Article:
Japanese Jets Scramble to Cold-War Levels as Chinese and Russian Incursions are on the Rise

Japan's air force said on Wednesday jet fighter scrambles have reached a level not seen since the height of the Cold War three decades ago as Russian bombers probe its northern skies and Chinese combat aircraft intrude into its southern air space.
The country's Self Defense Force said that so far this year Japanese fighters have scrambled 944 times, 16 percent more than the same period the previous year.
That is the second highest number of encounters ever recorded over the 12-month period since records began in 1958 and only one less than a record 944 scrambles in 1984.
While coping with the growing military might of a more assertive China which is increasing defense outlays by more than 10 percent a year, Japan is also contending with a military resurgence of a Cold War foe that has gathered pace since Moscow annexed the Crimean peninsula from the Ukraine last year.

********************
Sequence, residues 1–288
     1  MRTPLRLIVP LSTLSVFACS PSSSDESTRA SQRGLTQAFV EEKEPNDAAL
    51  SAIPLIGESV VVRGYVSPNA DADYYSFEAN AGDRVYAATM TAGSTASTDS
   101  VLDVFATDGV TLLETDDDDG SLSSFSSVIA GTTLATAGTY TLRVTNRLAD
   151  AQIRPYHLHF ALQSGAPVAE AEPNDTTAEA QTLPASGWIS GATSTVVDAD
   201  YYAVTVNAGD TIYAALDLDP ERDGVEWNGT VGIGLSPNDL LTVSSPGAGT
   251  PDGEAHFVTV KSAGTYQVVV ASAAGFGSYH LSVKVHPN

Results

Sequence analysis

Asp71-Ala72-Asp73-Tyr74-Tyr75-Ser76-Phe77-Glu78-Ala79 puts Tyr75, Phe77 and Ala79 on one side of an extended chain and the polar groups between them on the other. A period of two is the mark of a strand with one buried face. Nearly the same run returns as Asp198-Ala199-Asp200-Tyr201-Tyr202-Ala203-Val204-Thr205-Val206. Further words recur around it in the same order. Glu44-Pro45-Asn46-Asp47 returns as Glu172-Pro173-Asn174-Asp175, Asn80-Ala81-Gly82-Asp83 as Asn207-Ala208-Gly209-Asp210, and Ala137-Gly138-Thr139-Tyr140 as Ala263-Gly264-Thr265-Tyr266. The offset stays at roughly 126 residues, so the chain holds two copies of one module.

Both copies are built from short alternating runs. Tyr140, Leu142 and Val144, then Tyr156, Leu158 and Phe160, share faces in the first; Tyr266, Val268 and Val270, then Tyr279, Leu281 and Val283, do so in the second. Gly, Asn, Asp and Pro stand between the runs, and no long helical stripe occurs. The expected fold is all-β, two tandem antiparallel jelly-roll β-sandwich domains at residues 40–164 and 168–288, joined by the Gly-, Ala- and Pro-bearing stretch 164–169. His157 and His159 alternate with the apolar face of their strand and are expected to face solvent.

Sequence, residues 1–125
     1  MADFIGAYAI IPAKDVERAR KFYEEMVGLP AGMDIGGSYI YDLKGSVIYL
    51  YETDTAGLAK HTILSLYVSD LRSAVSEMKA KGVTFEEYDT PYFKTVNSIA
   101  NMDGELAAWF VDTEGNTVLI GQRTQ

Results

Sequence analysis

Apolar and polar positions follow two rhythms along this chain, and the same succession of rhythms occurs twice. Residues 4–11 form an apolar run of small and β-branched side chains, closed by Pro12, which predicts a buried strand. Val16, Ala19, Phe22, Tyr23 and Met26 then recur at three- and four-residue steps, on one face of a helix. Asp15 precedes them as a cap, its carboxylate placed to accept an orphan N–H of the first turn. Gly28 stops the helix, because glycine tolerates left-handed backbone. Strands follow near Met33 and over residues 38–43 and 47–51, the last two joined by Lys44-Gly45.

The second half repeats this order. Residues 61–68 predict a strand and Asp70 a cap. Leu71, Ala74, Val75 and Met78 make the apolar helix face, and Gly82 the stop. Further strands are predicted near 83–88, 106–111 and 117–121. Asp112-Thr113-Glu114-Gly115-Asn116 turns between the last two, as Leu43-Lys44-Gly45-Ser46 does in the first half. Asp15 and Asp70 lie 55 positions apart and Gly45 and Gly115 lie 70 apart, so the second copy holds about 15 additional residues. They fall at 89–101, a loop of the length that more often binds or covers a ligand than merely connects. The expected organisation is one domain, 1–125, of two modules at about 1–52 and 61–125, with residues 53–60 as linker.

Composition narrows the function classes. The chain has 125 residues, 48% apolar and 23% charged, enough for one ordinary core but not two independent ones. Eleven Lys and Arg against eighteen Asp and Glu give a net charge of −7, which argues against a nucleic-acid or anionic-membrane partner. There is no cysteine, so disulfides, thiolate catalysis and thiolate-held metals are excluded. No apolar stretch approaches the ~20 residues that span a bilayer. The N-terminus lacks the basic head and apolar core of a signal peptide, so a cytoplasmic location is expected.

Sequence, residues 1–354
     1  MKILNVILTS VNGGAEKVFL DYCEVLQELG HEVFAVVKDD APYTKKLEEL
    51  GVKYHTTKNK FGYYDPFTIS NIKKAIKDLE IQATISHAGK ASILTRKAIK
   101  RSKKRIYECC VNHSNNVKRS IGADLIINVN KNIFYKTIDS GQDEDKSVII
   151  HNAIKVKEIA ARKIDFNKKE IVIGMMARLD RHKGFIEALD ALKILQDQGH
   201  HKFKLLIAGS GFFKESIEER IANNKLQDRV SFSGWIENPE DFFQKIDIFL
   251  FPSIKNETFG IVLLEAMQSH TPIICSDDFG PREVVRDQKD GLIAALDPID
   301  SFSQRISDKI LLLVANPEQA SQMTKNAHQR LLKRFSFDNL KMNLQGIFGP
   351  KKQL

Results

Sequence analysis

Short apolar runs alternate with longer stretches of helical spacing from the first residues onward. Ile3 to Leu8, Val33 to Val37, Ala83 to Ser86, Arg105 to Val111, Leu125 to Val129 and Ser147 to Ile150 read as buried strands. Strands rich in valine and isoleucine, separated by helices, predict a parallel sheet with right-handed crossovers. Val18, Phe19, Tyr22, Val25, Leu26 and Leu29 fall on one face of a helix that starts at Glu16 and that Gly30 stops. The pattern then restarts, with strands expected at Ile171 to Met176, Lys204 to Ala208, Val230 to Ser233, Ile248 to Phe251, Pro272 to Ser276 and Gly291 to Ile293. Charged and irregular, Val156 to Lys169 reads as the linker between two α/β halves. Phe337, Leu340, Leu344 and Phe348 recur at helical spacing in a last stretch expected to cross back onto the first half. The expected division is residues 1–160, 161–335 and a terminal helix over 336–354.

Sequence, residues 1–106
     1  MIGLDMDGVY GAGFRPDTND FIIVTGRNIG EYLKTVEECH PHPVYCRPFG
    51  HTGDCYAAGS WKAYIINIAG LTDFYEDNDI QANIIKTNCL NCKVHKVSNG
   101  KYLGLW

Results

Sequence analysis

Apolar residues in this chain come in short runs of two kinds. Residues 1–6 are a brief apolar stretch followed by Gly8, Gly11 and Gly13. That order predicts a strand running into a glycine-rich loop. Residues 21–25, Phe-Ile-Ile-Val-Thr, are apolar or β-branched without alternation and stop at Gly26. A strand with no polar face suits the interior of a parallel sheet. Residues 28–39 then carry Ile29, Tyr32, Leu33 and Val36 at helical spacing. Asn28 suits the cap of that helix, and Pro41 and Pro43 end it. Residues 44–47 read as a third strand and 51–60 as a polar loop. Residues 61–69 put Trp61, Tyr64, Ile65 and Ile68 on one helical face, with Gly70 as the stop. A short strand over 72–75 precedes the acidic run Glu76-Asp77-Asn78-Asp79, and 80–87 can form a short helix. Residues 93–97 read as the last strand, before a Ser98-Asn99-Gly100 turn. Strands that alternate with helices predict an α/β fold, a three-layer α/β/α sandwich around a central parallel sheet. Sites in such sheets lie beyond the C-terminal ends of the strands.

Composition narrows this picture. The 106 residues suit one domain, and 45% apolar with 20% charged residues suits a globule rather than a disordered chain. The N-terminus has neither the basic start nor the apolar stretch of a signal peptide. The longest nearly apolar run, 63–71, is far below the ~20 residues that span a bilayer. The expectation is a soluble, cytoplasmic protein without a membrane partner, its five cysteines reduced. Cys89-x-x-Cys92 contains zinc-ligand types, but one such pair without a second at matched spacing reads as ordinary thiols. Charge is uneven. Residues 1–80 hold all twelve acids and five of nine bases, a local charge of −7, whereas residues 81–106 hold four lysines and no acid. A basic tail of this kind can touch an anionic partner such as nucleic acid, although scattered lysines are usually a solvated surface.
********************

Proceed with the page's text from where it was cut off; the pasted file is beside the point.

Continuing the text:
A non-fiscal boost to military capability will also come from plans by Prime Minister Shinzo Abe to loosen constitutional constraints on his nation's defense forces that will allow them to operate more freely overseas and to deepen cooperation with U.S. forces.



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